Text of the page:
Sensible Colorado, along with SAFER and other allies and organizations, are working to engage everyone possible in the process.  We are soliciting input and feedback from the community, which we will bring to the table as an initiative is drafted by some of the most qualified attorneys and advocates from across Colorado and around the nation.


If you would like to take part in the process of putting together the best possible legalization initiative for 2012, please send an e-mail to HERE.   Let us know what you do or do not want to see in the initiative, or just let us know if you have any ideas or thoughts on the process.  As you can imagine, we probably won’t be able to respond to every e-mail, but we assure you they will all be read and taken into consideration.  Submissions must be received on or before February 25, 2011.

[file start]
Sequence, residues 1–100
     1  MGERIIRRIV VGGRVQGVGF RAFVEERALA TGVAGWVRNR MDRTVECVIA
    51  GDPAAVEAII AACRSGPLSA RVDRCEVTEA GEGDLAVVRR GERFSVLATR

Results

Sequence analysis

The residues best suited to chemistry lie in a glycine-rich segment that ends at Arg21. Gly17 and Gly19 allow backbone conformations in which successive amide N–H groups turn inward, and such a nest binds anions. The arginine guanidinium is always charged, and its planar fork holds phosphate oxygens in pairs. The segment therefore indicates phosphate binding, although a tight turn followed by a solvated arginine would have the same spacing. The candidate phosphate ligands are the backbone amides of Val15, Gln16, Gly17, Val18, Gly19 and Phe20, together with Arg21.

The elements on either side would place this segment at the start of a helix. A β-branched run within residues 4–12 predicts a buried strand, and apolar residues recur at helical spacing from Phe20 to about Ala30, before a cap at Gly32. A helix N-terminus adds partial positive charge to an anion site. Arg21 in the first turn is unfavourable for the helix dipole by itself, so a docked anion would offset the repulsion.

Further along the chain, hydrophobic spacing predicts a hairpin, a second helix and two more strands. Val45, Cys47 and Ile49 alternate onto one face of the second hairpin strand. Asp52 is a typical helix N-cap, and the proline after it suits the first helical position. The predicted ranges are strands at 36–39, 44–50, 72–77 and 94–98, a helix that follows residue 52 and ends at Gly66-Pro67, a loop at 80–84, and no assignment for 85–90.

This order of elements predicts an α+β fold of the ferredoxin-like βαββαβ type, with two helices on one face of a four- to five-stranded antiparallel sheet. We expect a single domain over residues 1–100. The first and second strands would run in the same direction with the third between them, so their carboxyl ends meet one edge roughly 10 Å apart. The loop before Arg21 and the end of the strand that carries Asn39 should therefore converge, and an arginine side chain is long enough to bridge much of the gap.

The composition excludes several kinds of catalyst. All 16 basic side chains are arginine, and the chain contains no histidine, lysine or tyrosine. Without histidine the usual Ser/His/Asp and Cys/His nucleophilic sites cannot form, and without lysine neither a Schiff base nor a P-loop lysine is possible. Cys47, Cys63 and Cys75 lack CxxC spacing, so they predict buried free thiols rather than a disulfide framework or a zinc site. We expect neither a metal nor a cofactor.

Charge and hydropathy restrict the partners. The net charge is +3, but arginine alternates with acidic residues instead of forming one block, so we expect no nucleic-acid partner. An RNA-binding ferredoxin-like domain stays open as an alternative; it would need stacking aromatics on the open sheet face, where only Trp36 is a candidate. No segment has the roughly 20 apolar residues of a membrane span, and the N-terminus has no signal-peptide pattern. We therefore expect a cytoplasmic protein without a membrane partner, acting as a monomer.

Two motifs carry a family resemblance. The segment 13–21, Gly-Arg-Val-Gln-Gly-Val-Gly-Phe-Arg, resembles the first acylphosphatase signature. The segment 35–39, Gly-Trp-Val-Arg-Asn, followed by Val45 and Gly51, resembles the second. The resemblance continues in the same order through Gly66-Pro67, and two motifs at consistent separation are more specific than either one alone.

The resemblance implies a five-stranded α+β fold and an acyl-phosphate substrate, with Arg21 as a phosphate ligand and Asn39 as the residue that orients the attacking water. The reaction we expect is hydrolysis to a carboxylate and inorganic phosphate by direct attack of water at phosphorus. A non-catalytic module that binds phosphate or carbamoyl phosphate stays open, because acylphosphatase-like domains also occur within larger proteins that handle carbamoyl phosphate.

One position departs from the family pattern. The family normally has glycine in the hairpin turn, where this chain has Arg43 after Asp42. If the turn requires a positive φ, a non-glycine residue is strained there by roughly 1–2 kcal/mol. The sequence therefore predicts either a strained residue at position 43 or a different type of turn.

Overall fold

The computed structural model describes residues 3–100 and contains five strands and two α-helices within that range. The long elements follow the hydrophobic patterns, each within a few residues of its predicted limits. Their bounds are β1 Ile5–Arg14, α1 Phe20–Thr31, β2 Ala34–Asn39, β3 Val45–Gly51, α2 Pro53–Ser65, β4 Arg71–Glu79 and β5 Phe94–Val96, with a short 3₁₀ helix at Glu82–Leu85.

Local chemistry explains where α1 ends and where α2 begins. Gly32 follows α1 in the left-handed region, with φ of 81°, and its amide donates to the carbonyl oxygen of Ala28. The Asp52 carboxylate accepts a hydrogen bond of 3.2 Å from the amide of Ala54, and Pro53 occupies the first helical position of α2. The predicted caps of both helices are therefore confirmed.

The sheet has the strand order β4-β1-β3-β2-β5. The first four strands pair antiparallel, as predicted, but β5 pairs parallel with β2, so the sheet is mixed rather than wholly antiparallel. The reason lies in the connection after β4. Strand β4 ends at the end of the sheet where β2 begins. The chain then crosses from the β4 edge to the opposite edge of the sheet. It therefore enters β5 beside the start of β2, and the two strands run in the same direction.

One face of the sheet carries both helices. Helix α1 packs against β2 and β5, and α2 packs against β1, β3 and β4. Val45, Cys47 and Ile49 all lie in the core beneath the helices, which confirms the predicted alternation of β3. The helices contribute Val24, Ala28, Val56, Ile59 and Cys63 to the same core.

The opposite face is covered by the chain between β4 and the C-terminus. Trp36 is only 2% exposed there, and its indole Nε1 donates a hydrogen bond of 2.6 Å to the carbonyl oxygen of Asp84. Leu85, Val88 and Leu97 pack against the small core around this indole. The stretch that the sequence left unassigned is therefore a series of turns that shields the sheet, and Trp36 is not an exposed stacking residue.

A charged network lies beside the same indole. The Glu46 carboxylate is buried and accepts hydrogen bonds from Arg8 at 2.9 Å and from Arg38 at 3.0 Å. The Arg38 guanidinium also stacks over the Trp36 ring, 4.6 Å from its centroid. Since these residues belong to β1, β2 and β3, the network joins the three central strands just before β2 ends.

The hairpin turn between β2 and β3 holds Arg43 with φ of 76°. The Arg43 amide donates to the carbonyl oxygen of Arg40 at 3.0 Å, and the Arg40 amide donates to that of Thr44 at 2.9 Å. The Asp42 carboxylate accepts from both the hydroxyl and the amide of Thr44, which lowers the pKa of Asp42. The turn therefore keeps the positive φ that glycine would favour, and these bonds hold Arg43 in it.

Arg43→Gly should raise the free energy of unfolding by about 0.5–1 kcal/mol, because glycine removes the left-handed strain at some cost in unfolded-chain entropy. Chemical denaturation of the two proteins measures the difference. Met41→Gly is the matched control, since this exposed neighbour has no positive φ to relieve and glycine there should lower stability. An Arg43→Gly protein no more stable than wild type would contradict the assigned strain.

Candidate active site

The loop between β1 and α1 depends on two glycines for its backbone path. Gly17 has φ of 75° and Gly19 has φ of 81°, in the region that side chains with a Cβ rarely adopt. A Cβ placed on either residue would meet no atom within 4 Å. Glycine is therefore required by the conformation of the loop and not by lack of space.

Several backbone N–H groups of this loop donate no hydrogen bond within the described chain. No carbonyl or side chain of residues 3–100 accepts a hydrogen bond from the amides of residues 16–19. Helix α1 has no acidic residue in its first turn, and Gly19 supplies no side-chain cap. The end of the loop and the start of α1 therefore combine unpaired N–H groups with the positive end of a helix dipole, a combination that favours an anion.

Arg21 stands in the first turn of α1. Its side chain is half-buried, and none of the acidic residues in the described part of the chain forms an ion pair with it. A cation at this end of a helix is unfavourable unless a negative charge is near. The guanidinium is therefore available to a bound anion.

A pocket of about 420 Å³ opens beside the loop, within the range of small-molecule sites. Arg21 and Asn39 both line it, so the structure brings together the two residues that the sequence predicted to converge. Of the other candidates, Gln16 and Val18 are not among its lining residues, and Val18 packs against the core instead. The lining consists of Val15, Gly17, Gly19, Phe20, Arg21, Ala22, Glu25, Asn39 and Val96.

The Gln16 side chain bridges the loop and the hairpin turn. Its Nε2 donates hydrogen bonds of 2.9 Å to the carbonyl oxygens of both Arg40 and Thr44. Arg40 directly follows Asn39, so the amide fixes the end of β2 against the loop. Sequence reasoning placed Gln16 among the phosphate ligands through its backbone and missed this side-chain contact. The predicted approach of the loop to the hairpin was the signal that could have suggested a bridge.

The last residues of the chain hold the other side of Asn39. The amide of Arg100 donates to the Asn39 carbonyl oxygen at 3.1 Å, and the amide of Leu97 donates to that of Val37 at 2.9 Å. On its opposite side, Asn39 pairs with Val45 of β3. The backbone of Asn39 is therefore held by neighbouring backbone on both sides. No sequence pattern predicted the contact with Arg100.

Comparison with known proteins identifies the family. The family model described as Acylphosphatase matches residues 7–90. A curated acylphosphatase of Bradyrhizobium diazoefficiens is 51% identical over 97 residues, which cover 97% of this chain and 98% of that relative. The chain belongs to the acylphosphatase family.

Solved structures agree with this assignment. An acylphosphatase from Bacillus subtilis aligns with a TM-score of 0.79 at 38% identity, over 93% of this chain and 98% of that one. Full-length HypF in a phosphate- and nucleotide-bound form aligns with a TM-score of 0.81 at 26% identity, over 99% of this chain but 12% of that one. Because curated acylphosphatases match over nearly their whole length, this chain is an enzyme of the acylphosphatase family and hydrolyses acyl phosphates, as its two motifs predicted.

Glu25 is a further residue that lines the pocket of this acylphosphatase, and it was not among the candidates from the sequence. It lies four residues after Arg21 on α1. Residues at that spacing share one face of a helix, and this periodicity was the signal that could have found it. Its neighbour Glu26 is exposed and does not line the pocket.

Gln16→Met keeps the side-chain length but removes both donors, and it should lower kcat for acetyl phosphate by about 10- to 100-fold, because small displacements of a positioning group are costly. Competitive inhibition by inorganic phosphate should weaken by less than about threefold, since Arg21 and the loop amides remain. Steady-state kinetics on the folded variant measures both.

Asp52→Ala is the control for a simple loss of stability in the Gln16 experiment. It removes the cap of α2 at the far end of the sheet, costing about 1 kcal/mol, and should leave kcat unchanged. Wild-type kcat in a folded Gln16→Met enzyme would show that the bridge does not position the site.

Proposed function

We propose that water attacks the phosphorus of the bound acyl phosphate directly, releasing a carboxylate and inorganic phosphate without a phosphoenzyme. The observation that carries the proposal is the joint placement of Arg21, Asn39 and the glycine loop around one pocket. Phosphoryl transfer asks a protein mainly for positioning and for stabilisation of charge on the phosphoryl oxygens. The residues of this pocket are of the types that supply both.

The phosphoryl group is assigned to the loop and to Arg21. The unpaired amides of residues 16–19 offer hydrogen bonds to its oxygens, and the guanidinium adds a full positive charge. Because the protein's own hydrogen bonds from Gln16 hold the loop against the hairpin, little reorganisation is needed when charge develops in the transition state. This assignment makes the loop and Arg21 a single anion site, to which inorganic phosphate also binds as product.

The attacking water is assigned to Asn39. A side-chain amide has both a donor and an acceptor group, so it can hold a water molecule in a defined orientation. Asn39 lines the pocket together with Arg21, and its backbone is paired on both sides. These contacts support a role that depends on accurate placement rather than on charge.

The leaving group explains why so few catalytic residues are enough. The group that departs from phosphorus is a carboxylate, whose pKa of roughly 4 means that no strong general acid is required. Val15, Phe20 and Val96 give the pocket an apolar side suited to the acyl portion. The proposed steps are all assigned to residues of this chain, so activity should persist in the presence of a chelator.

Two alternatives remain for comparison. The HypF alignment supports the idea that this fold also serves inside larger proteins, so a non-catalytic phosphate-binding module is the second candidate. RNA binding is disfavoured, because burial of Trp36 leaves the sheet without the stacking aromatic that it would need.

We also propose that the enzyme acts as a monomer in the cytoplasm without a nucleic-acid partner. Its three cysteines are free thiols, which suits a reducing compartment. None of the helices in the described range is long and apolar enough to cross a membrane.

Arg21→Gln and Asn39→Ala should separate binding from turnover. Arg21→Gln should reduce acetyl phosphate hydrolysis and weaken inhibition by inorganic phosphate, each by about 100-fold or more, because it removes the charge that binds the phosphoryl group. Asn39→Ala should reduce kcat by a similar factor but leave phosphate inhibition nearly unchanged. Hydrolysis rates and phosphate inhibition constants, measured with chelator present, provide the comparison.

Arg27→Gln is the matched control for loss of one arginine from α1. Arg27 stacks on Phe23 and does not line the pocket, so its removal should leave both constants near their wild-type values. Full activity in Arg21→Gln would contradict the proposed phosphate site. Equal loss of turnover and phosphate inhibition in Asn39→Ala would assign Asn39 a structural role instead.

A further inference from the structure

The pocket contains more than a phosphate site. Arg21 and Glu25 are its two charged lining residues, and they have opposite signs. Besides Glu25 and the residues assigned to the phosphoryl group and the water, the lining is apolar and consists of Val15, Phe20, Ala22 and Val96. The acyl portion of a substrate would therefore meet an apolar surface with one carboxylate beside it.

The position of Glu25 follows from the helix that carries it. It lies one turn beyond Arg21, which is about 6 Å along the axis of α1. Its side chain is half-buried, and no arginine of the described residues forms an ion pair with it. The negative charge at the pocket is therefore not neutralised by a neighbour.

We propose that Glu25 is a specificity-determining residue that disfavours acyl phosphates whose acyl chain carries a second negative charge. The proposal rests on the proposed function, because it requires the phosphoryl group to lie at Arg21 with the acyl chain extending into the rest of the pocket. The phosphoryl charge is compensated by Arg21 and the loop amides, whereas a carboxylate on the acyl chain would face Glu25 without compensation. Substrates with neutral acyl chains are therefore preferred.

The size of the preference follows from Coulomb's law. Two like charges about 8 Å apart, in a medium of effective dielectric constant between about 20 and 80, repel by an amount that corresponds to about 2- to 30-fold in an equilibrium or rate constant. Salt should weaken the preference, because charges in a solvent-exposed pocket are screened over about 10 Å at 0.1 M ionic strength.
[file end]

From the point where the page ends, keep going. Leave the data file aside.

United States

Most Michiganders in Favor of Medical Marijuana Use, Poll Finds

United States
Michigan voters support the state's medical marijuana law by nearly the same margin by which it was adopted in the 2008 election. The poll, conducted by Marketing Resource Group of Lansing, found that 61% of voters said they would vote yes again. Proposal 1 of 2008, legalizing the possession and use of marijuana for medical reasons, won with 62.6% of the vote. A spokeswoman for the Marijuana Policy Project said the poll "proves that a strong majority of Michigan voters stand firmly behind the compassionate medical marijuana law they enacted two years ago."
Detroit Free Press (MI)

We Got 'Legalization' into the President's Vocabulary

Dear Friends,